In 2015, Family Magazine featured Prison Heroes 101, YWAM Publishing’s
effort to deliver copies of 65 Christian Heroes Then & Now titles to 1319 state and federal prisons around the country. But one question remains. Why did a publishing company think their books would truly make a difference in the prison systems?
The answer lies in the story behind the Christian Heroes Then & Now series, and it’s a story that YWAM Publishing’s Editorial Director Warren Walsh shares with infectious enthusiasm.
The Story Behind the Stories
“We had been selling biographies as a missions organization for years back in the ’90s, and people complained about them,” Mr. Walsh explained to Family. “And their complaints were that they did not want fictional characters in the stories, and they wanted quality writing. What was available at the time was not giving them that. So, we thought, ‘Let’s do this ourselves.’ That’s what sparked the series.”
What started with four books in 1998 has expanded to an ever-growing series currently boasting forty-two non-fiction biographies. In addition, YWAM has created a Heroes of History companion series highlighting important historical figures, both Christian and non-Christian, from American history. Mr. Walsh described all of the hero stories as “told in a narrative adventure format, so they move very fast for young readers. The target age is eleven to fourteen years olds, but they’re great family read-alouds.”
Life Changing Books
However, we live in a book-rich culture. Simply creating a biographical series is nothing fantastic. The powerful part of these stories lies in their impact, an impact proven long before the first book ever entered the prison system. Mr. Walsh described it this way:
As these developed and were coming out more and more, we started hearing feedback, which is very encouraging. We heard the expected, “Those were a great read! Our family really liked them.” But what was more significant and noticeable was that families were coming back and saying, “My kids read these books, and let me tell you what they’re doing.” It’s not just that we were planting seeds of missions in these children and families, but it was impacting their behavior. It was changing them. A woman came up to our booth and said, “Well, our family is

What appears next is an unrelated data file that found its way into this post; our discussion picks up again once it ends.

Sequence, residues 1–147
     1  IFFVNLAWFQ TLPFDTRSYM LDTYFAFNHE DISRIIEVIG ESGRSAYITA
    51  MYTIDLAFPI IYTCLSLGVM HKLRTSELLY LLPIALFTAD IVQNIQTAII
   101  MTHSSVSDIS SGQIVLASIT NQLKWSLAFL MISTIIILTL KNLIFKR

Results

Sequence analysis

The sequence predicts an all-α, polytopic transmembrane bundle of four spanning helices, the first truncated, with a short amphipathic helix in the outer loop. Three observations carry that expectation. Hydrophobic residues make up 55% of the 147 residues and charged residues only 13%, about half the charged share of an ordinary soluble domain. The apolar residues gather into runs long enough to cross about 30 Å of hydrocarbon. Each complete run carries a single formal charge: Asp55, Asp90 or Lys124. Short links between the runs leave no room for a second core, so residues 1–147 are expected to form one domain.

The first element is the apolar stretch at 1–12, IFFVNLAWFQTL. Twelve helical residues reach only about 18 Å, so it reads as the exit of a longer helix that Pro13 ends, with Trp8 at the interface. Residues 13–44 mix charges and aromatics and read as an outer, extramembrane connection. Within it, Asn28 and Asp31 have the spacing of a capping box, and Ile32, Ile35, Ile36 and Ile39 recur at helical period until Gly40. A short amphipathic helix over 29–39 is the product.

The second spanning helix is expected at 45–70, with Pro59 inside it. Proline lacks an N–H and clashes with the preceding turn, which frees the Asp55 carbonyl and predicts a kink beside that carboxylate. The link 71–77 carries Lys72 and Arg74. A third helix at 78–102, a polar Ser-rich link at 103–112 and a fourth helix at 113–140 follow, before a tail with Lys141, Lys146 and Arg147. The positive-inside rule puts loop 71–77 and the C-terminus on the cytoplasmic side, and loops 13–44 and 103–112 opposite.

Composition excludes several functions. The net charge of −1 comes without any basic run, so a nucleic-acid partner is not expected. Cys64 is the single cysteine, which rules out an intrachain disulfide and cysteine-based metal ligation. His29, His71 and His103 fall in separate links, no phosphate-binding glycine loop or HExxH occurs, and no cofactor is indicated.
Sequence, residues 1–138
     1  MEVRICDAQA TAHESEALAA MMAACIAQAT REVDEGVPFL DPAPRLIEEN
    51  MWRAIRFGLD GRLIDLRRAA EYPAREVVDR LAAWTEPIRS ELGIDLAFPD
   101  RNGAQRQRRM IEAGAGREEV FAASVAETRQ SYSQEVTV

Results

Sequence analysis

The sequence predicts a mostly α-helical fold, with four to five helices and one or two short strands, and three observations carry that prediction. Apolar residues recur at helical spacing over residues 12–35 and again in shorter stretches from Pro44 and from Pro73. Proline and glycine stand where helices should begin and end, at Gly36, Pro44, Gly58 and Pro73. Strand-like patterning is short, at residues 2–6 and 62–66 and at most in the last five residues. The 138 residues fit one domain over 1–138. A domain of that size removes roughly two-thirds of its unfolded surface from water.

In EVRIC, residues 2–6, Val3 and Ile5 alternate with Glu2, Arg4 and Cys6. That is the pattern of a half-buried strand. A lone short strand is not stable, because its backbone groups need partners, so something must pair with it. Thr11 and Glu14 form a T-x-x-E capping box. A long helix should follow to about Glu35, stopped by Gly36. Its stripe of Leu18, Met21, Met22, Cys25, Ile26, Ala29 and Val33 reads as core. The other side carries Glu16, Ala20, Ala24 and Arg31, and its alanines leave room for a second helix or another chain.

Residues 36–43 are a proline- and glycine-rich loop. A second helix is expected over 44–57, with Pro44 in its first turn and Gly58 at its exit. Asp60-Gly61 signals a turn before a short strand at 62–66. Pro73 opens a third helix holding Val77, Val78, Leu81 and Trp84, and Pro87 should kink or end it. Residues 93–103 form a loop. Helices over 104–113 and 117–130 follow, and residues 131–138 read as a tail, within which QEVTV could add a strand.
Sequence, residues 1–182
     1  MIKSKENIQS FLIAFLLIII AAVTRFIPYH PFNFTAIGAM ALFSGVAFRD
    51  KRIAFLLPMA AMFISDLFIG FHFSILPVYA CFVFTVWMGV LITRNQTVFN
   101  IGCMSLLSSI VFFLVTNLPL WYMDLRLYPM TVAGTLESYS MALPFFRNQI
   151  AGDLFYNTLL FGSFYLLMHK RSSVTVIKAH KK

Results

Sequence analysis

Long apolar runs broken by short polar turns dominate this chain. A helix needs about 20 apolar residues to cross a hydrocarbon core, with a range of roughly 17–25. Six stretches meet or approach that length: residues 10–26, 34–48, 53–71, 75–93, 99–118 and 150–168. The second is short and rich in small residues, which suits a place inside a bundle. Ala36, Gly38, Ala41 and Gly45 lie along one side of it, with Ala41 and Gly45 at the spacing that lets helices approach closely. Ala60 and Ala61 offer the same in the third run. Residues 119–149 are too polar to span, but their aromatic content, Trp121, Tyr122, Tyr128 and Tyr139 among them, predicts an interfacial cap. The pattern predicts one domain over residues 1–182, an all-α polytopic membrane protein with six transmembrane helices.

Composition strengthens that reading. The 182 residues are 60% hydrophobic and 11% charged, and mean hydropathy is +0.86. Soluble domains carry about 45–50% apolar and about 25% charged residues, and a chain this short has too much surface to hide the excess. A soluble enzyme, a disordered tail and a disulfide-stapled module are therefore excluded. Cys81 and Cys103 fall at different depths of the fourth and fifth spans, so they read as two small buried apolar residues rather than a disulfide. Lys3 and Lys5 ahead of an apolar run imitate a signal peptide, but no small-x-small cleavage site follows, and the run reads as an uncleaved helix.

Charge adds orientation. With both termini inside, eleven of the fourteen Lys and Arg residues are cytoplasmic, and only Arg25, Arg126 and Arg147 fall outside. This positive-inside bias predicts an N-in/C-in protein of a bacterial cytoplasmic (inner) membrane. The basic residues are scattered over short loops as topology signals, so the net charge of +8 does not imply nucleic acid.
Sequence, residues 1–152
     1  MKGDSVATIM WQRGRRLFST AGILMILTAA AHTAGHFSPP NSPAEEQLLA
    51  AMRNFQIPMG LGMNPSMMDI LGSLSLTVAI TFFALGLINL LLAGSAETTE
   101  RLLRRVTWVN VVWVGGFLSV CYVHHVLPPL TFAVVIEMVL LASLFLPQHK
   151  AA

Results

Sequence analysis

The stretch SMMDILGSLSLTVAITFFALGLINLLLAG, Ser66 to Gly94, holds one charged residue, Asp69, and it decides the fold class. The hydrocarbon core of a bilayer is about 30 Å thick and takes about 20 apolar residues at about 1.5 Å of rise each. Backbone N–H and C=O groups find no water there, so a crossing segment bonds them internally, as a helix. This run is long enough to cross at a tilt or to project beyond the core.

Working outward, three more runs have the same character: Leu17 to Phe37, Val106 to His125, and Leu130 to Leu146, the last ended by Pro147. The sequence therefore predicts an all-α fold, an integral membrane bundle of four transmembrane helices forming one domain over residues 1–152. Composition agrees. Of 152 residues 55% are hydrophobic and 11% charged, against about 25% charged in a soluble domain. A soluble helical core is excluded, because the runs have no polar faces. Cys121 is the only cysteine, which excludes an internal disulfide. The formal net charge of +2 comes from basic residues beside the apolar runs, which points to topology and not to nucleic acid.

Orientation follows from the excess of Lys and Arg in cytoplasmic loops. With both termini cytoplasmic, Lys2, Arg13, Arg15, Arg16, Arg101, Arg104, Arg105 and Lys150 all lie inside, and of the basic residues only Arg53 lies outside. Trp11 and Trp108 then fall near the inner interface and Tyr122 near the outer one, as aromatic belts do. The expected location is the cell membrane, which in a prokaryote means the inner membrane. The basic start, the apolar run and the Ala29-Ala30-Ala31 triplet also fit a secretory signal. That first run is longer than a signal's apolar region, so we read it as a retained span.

living in China now, working at an orphanage, and it’s all your fault! We were reading Gladys Aylward and decided that if she could do that, we could do that!” So they did.
And the stories continued to unfold. Ten families have come to us saying that same book was the catalyst from which they decided to adopt children, often from overseas. And those are just the ones we know about. The stories just went on. Young kids would start projects to fund raise to send money to orphanages. We’ve had people say, “Our marriage was falling apart. We read these books together, and this year we are going on a mission trip for the third year in a row. These books were the catalyst for us to come together as a family.”
Eight families have told us their boys are pursuing careers in aviation with an ultimate goal of mission aviation after reading Nate Saint.
Worldview Through Story
It begged the question why? What’s the dynamic? Why do these books work like that? We started looking into the dynamic and power of story to change a life. Jesus told stories. Stories are the mother tongue and currency of our hearts with which we do the business of life. This is where we process information. This is how we understand life. And it is through experience that we start to formulate what we believe to be true about everything–our worldview.
As families were reading the books, their worldviews were changing. They were having vicarious experiences through these books. It was in this dynamic that we saw the power of the story. Our goal was to plant the seeds of missions. And then with our American history series, we wanted kids to have the same experience with American history because so many kids have no clue about the roots of our country.
Linear presentation of information is no match for the stories we were told on our mother’s lap. That, combined with our experiences–millions of experiences–contributes to form the spine and skeleton of our worldview out of which we live moment by moment. So, we have to speak in this language of our hearts or we’re not going to get it.
I Can Do That!
Whether it be our children or the vilest of prisoners, a story that grips the heart for Christ changes character. As Mr. Walsh explained, “We have taken an approach of being very honest with these stories. These people have failings, they’re human. We want the kids to be able to relate to the characters. That’s why we always start with them as a young person. Because we want a kid to say, ‘You know, I could do that.’”
So, without giving instruction or explaining the purpose behind a story, the Christian Heroes Then & Now books simply show what it looks like for a normal, failure-ridden, everyday person to live a life fully surrendered to Christ. Through this revelation, lives are being changed, whether in family read-aloud time or behind prison bars.